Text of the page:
Thursday, September 3, 2015

BFD Engine Company 38 – 176 Norman Avenue

Brooklyn Fire Department Engine Company 38 Building
Engine Company 38 Firehouse
Top Floor Brooklyn Fire Department Engine Company 38 Building
BFD Engine Company 38 Firehouse - Top Floor
Brick B.F.D. initials on Brooklyn Fire Department Engine Company 38 Building
BFD Engine Company 38 Firehouse - B.F.D.
First floor of Brooklyn Fire Department Engine Company 38 Building
BFD Engine Company 38 Firehouse - First Floor
Compared to other Brooklyn Fire Department buildings constructed during the same era, the Engine Company 38 building’s design is understated. The building’s first floor façade is constructed from rusticated bluestone. The upper two floors are brick with brick patterns and relief used to create a cornice and quoining. Bluestone lintels over the second floor windows and a bluestone sill under the third floor windows frame the B.F.D. lettering.

Historic photo of Engine Company 38 horse team, pumper and crew
Engine Company 38 circa 1915 (Photo: Brooklyn's Historic Greenpoint)

Engine Company 38
Engine Company 38 was first commissioned when Greenpoint was an industrial neighborhood. At the time industries received little regulatory scrutiny, often resulting in dangerous working conditions. The Faber Pencil Factory, Chelsea Fiber Mill, American Manufacturing Company and a Standard Oil Refinery were some of the large manufacturers in Greenpoint. Industrial disasters were relatively common and Engine Company 38 would have been among the first responders to neighborhood fires and explosions.[1]

Engine Company 38 was organized on July 15th, 1895. It was reorganized to Engine Company 138 after Brooklyn became part of New York City in 1898 and the Brooklyn Fire Department (B.F.D.) was incorporated into the Fire Department of New York (F.D.N.Y.). In 1913 the fire companies were reorganized again and Engine 138 became Engine 238. Each reorganization added 100 to the original company number for all of the borough’s fire companies. The firehouse at 176 Norman Avenue was vacated when Engine Company 238 moved to 205 Greenpoint Avenue with Hook & Ladder Company 106.[2] According to a Daily News article the firehouse closed down after budget cutbacks and became surplus city property in 1976. After closing the city attempted to rent out the property, at one point for an animal shelter, before selling it in 1980.[3] In 1985 the building was sold to its current owners, Walter Kenul and Janet Rutkowski, who operate a studio out of the building called BFD Firehouse Studios. They produce architectural iron work and large scale sculptures.[4]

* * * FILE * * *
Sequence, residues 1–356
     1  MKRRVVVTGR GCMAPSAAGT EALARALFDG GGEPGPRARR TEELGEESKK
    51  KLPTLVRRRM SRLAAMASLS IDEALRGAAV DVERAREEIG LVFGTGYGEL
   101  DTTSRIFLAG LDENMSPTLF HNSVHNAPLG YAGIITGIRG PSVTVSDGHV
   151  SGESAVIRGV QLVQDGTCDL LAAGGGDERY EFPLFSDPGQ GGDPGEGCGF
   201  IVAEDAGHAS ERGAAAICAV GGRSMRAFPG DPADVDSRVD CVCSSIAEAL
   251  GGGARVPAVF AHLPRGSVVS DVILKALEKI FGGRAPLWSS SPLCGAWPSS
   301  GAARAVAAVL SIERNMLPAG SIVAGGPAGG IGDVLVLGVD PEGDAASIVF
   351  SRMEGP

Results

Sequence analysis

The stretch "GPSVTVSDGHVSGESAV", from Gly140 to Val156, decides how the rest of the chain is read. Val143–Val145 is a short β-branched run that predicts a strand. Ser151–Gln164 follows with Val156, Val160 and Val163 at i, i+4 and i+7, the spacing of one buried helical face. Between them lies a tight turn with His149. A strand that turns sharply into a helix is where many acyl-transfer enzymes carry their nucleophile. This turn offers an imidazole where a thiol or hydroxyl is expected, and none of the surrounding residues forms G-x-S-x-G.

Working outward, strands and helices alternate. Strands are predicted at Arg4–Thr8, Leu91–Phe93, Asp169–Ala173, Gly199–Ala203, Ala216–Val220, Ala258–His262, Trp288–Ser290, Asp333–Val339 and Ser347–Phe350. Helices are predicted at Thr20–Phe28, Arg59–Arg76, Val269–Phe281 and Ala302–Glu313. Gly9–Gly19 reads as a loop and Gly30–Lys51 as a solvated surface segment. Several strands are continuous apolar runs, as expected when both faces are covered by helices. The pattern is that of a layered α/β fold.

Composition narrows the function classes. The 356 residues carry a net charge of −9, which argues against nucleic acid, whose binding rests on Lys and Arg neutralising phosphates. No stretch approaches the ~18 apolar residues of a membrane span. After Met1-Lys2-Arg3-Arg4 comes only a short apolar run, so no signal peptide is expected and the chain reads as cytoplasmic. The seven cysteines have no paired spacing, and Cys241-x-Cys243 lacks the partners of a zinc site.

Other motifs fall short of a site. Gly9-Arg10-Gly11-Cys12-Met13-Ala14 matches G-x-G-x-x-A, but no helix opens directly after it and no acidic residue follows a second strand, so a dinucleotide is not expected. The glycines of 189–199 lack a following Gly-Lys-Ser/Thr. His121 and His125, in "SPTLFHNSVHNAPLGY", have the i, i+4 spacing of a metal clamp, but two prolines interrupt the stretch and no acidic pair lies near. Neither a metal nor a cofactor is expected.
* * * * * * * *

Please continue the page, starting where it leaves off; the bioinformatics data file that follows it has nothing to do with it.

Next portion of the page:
1. "Brooklyn Fire Department House on Norman Avenue" Atlas Obscura
  2. Brian Merlis & Riccardo Gomes Brooklyn's Historic Greenpoint Gomerl Publishing, NJ 2015
  3. Medina, David “Residents bark at turning firehouse into animal hut” Daily News 30 November, 1978
  4. BFD Firehouse Studios


  1. Such a great building; understated for sure but there's a bit of elegance in the lower facade and entranceway.
    It's hard to tell from the pics; are the planters original?
    I had assumed it was a residential building. Good post!

    1. Thank you for the comment. The planters are not original. The original entrance had large doors that swung out and the planters would have impeded their opening. Additionally, they would have been designed with bluestone to match the facade. The planters were likely added by the current owners, possibly to protect the corners of the entrance with something more attractive than the bollards typically used for such applications.